Luangpor Pramote Pamojjo

A Simple and Ordinary Subject Called Dhamma

Dhamma (Pali) or Dharma (Sanskrit) means the plain, undistorted truth that the Buddha taught.

Dhamma as taught by the Buddha is simple and easy to practice. It is about ourselves and how we can be free from personal suffering. As suffering beings we are deluded about the truths of our body and mind. However, if we practice the Dhamma, we turn our attention to our body and our mind and unveil their true characteristics. Our suffering lessens as we gradually come to understand the Dhamma more and more.

"… When we become aware of our body and mind and accept the truth of them, that they are impermanent, do not persist and are beyond control, then we will be liberated and abide in the greatest happiness.”

Luangpor Pramote Pamojjo
This website is a collection of Dhamma materials conveyed by the venerable Luangpor Pramote Pamojjo, a master teacher of mindfulness for the modern world and Vipassana meditation. His teachings are published and distributed as free gifts of Dhamma, with the intention of preserving the Teachings of the Lord Buddha for generations to come. With permission from Luangpor Pramote, the English content of this web site has been translated from his teaching in Thai by different people. Please bear in mind that despite our efforts there can be errors and misinterpretation by translators.
Don’t say you don’t have time

Don’t say you don’t have time

Concentration meditation can be done in 5 minutes if that’s all you’ve got. In the morning you come here, during your 5 minutes wait for the master’s teaching, you can always meditate. You can practice breathing in -‘Bud’ breathing out -‘dho’ or any kind of meditation. Don’t allow the time ...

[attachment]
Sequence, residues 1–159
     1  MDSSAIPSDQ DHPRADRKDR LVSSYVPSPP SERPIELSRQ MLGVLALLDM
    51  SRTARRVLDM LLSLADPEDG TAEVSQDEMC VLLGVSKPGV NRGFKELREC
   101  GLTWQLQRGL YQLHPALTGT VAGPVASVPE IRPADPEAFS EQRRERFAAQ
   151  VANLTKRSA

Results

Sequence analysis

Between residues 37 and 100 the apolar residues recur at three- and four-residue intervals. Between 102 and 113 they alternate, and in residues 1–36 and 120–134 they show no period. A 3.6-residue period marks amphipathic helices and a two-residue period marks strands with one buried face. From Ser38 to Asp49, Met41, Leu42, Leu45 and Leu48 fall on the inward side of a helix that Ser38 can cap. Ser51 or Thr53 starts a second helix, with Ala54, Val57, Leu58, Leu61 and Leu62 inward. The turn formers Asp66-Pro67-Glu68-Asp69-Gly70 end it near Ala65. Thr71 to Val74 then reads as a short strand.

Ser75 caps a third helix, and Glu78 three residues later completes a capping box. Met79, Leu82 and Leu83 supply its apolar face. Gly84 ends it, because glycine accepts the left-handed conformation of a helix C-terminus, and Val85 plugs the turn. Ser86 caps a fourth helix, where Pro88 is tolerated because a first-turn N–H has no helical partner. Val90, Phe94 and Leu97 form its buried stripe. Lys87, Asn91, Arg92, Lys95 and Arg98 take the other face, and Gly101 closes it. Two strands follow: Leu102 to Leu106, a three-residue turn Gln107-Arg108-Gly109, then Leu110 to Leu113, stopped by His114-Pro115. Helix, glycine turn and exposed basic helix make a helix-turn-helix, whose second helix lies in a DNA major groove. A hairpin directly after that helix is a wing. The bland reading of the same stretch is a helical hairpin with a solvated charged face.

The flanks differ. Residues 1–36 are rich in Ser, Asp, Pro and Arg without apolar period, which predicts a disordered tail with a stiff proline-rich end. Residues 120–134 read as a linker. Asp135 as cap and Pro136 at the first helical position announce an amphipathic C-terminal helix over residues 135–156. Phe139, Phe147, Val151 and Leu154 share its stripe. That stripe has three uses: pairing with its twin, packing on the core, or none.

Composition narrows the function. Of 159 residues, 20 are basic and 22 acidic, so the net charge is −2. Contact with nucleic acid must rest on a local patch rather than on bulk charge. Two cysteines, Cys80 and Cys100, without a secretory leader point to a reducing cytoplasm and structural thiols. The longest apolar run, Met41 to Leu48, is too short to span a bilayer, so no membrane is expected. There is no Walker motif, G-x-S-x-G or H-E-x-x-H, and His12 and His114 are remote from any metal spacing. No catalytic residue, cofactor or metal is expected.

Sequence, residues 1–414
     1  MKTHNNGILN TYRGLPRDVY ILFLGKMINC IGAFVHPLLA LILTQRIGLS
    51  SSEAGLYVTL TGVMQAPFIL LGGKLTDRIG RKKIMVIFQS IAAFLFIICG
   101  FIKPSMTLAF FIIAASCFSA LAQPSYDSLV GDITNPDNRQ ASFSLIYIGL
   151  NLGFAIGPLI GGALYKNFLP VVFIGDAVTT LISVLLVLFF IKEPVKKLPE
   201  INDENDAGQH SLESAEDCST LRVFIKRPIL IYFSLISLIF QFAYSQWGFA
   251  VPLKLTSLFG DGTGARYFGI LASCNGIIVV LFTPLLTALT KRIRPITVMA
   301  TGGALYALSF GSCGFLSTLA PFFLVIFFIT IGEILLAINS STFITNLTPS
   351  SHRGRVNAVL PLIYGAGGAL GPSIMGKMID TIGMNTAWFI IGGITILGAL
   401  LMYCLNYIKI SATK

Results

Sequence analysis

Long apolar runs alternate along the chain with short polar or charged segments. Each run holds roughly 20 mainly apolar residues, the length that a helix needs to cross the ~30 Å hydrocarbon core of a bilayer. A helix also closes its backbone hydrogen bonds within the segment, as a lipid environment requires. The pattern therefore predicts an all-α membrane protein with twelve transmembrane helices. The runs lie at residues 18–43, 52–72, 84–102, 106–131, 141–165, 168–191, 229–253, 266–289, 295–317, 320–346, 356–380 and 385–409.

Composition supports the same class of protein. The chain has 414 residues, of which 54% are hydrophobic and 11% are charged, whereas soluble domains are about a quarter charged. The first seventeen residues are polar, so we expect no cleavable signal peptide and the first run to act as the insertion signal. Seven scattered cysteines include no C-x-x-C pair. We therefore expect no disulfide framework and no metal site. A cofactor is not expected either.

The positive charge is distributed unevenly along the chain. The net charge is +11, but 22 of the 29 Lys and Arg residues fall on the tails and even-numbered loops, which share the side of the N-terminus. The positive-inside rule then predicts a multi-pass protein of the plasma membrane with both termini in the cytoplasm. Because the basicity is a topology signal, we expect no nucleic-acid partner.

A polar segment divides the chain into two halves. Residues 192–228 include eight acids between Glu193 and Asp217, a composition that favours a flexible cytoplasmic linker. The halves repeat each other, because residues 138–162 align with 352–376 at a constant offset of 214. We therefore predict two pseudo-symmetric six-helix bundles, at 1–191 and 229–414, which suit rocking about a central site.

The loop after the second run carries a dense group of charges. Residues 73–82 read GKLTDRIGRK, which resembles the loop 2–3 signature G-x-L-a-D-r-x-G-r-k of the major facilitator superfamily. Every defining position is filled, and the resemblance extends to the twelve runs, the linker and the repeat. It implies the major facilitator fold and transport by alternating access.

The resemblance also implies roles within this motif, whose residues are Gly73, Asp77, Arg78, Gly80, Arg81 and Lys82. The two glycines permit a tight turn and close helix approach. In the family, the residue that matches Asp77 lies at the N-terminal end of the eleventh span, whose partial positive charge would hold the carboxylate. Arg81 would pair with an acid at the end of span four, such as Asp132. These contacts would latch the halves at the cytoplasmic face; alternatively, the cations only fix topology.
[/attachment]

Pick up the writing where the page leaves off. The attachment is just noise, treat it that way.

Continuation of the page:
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Lesson from a funeral

Lesson from a funeral

If you understand the truth about life, when someone you love passes away, you will not be sad. You will see life as an object that breaks. Happiness or suffering in our mind comes from our own fabrication. They did not come from death, or from the anyone’s passing. Therefore, ...
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A simple and ordinary subject called Dhamma

A simple and ordinary subject called Dhamma

It is difficult for us to see that Dhamma (the Teachings of the Buddha) is simple and ordinary. This is because reflection of Buddhism and Dhamma are often less than ordinary. To begin with, the language used in Dhamma teachings is full of Pali words and contains many technical terms ...
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Dhamma practice for parents

Dhamma practice for parents

We can practice while raising a child. Just use our children as a subject of meditation because we have to take care of them and cannot abandon them. When they make us feel love, just know it. When they make us feel frustrated, just know it. Observe our mind that ...
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To be truly mindful does not mean we have to question ourselves or to guess whether at this moment there is happiness, suffering, anger, doubt or craving. It is very important to stress that we must be mindful of the actual phenomena of the mind, or the absolute reality, because the mind needs to witness and learn from the actual arising, changing and disappearing of all things on its own, and not via the thinking process.

Once we are mindful of the mental phenomena as they arise, the mind needs to have sufficient stability and firmness to avoid getting lost in thoughts that commonly arise after the awareness.  For example, when something arises in the mind, it is ultimate reality.  After that, a thought based on conventional reality arises, labeling this mental state as liking, for example.  This formulation cannot be avoided, because the mind’s nature is to think and recollect.  Therefore, we must not try to prevent or refuse the thinking process based on conventional reality from happening.  Just be aware of it but do not get lost in the thinking process.  Continue to be mindful of phenomena of mind that arises, such as liking in this case.  Only through observation will we be able to see the three characteristics of existence of that condition.

Luangpor Pramote Pamojjo, The Path to Enlightenment I, page 57